This summer, being super excited about the Entrepreneurship class I was going to take in Fall, I read a whole bunch of books about how tech companies like Amazon, Google, Facebook got started and evolved.
Most of these companies have multiple books being written about them, some by ex employees, some by tech journalists. Most books written about the same company do offer generally different perspectives or may focus on different periods of time in the company’s evolution. I generally like to read all the books about a single company either simultaneously or at the very least back to back, one right after the other. Hey, its been a slow summer ;o)
When it came to Facebook, the two book options out there are – The FaceBook Effect and The Accidental Billionaires. And the fact that Hollywood had made a movie based on one and not the other should have told me something. Plus the fact that the tagline for Accidental Billionaires was (and I quote) – A Tale of Sex, Money, Genius and Betrayal.
Now, I quite liked The Social Network. Its a movie – Silicon Valley (and a little bit of Harvard too) Hollywood-ized. But oh the book its based on …. blech! Talk about a potboiler! Not for the first time have I seen a movie and then read the book its based on and wondered just how the adapting team literally pulled an entertaining rabbit out of their collective hat. For instance, have you ever tried to read the original book that the TV series Sex and the City was based on? Double blech!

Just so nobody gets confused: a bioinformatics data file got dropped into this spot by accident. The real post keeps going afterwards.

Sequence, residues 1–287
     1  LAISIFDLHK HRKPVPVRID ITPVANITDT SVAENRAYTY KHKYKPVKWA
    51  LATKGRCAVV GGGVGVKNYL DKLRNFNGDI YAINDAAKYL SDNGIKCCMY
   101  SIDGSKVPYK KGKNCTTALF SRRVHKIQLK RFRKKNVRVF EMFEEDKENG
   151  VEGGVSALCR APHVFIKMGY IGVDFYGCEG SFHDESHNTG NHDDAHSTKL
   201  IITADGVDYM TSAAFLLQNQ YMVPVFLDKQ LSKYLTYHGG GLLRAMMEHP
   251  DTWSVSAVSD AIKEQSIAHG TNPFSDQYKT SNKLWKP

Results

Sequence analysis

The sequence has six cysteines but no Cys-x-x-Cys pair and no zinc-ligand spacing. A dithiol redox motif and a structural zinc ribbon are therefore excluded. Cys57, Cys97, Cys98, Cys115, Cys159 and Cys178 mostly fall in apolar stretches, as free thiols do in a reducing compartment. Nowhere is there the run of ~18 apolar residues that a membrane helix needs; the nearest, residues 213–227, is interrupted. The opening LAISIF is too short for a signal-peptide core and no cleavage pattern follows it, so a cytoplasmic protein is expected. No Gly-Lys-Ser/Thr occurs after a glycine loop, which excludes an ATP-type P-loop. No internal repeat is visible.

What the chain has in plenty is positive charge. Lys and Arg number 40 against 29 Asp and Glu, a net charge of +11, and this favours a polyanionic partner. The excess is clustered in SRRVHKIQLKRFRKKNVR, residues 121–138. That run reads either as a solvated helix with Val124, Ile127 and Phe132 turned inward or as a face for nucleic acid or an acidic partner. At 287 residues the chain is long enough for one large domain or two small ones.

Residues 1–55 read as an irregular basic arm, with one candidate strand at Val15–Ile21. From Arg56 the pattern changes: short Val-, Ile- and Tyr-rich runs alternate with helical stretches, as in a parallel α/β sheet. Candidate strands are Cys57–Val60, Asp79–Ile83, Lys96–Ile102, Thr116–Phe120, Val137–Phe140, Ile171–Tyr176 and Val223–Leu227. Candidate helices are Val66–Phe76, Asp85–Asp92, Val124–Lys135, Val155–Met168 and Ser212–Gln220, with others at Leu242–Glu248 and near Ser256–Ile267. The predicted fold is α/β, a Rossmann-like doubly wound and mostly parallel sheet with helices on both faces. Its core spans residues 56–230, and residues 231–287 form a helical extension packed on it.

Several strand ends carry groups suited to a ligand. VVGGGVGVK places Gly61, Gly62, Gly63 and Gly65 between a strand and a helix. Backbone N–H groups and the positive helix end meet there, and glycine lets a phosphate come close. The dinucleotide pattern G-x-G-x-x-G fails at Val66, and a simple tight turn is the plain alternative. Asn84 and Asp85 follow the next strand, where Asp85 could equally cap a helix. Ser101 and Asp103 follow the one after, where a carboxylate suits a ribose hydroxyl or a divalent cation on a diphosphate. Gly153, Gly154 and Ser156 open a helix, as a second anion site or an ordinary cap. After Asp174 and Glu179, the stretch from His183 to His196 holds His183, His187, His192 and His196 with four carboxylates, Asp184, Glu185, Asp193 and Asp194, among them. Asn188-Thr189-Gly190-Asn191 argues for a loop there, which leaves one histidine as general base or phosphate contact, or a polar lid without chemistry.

In any case, what kind of book are people expecting when they pick up a book about how an amazing company got started? Are they really looking for the “dirt”, “personalities”, “gossip”? Or are they looking for how the idea got started, what strategic decisions were made and just how the company got to where it now is. Or perhaps that is just what MBA students read books for.
The Facebook Effect thankfully has plenty of the above and does not disappoint. For instance, Kirpatrick describes how Facebook was initially rolled out a single college at a time and only when the team was convinced that the infrastructure could handle the additional load (so as to not have the site ever, ever be down). And how the decision was made as to which University/college to expand to next…. and how Facebook became more popular than competing social networking sites being rolled out at the same time.
P.S. I know the media has been raving about the initial adoption rate of Google+, but comparing it to how Facebook spread is just comparing apples to oranges.